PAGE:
Maratja described how the culture and environment has changed on the island. When asked about how education is impacting environmental sustainability on the island, Maratja replied, “I think we need to do much more work and look at the issue from a holistic view of connecting with the land and knowing where you are coming from in order to make ends meet. In order for us to survive, this issue is really important.”
Bruce and Richard on the beach alongside their home on Galiwin'ku.

After our interview with Maratja, we drove to the outer edge of the community to interview Richard Guandahoy, an internationally known artist and a head figure in his clan. With his children and grandchildren playing nearby, Richard sat under a tree working on a beautiful painting that depicted the history of the Christian missionaries coming to Elcho Island. Richard described in detail the painting (which Aaron was fortunate to have purchased) and his thoughts on sustainability and education. Another man, Bruce, was sitting with Richard;  we would meet him again the next morning during our visit with the Gumurr Marthakal Rangers.

During our interview, Richard shared, “Sustainability is a standard, a level. It starts with the young people. You tell them ‘you have to look after the land,’ and if they ask you why, you tell them ‘because the land is helping you and you are helping the land.’ This is the highest value in aboriginal heritage. That’s why sustainability is important. That’s why the language is important.”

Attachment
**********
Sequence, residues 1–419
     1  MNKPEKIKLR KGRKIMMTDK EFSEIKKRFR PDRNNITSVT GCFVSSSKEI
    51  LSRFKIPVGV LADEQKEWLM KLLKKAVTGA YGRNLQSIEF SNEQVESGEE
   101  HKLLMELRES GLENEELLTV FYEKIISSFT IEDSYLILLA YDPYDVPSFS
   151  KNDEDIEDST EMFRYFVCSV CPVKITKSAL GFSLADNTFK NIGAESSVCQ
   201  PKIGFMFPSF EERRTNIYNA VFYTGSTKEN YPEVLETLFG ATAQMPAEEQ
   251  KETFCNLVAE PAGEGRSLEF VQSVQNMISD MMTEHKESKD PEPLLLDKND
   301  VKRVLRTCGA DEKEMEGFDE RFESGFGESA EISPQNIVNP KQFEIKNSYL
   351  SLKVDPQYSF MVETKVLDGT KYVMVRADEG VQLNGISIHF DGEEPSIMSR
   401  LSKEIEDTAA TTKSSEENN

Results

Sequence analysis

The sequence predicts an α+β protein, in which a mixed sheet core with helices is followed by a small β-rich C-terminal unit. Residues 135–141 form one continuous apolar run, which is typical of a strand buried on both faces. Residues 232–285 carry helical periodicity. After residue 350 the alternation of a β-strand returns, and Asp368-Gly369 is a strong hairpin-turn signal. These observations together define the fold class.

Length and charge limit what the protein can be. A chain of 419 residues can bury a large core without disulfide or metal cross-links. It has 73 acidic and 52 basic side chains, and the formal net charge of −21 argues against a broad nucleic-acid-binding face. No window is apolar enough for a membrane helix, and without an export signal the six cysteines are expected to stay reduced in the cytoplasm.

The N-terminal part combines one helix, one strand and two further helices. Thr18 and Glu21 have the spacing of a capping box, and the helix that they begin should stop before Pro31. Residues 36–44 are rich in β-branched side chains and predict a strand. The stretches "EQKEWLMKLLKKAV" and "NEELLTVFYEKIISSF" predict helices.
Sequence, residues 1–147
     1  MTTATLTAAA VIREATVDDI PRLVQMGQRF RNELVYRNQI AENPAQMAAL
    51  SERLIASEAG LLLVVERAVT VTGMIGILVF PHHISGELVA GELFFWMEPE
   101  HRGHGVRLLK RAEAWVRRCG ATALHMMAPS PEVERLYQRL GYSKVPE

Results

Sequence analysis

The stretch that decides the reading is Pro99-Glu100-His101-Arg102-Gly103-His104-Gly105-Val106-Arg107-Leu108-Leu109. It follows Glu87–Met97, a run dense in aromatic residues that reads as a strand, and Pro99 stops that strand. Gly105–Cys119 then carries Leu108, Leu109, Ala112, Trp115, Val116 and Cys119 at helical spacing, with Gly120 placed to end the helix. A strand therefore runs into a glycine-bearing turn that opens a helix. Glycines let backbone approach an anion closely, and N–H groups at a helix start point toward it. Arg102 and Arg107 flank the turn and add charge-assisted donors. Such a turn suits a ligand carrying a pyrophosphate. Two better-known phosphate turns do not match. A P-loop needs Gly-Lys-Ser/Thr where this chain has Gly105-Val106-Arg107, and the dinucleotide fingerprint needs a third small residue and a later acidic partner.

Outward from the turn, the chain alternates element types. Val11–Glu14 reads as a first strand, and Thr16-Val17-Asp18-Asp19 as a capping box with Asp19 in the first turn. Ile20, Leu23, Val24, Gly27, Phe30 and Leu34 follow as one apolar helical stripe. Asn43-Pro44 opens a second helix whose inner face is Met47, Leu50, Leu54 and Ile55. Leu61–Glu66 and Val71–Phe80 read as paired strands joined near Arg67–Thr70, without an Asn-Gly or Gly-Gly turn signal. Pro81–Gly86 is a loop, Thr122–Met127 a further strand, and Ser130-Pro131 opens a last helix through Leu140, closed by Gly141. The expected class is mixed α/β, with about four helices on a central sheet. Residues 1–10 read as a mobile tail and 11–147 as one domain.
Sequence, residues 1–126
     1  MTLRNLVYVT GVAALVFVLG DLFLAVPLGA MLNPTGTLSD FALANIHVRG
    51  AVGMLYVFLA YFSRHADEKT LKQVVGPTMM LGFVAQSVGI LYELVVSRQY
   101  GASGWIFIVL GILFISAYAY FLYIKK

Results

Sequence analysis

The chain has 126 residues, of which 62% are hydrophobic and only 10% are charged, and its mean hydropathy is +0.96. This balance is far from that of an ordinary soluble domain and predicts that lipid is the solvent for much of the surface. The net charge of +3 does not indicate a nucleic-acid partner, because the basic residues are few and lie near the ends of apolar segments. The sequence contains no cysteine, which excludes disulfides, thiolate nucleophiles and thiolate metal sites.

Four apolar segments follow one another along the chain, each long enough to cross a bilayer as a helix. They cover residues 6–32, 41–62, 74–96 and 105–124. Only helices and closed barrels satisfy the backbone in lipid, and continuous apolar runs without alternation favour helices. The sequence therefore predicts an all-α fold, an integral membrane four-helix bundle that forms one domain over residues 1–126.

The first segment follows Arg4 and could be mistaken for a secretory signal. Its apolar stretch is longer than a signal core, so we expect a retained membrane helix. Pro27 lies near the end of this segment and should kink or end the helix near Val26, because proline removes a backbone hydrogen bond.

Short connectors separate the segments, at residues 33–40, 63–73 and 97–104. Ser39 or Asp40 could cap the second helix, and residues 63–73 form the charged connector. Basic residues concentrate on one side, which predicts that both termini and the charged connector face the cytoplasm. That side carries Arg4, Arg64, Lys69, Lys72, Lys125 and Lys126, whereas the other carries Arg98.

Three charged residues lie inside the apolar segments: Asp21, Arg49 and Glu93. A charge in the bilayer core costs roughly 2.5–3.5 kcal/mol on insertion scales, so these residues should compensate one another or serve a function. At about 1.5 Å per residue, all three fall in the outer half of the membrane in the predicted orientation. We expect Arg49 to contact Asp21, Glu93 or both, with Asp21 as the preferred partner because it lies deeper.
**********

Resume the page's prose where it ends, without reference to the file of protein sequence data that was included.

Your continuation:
After the interview Richard took us down to the beach, “his land,” where he showed us the pool of fresh water where people from the community collect their drinking water. Then, we visited with one of the two policemen on the island and met his entire family and their two wallabies, snake, and chickens. It was quite an unusual sight to see wallabies jumping around in the front yard as the family’s young daughters played with them!

Elcho Island from above.

Later that evening after a great fish dinner with Bryan and his partner, Virg, we interviewed Goutha, an Elder who started her own school in her homeland on the other side of the island (approximately four-hour’s drive from Galiwin’ku). It was clear that Goutha had a passion for education. She showed us a presentation on her computer and described the history of her school. “When there was a small community here living in this town, everybody was happy as kids all went to school plus they went hunting – learning two ways. My father asked us to move back to our homelands and establish. So we thought ‘Ok, if we are moving back, might as well set up a school.’ That’s how it happened.”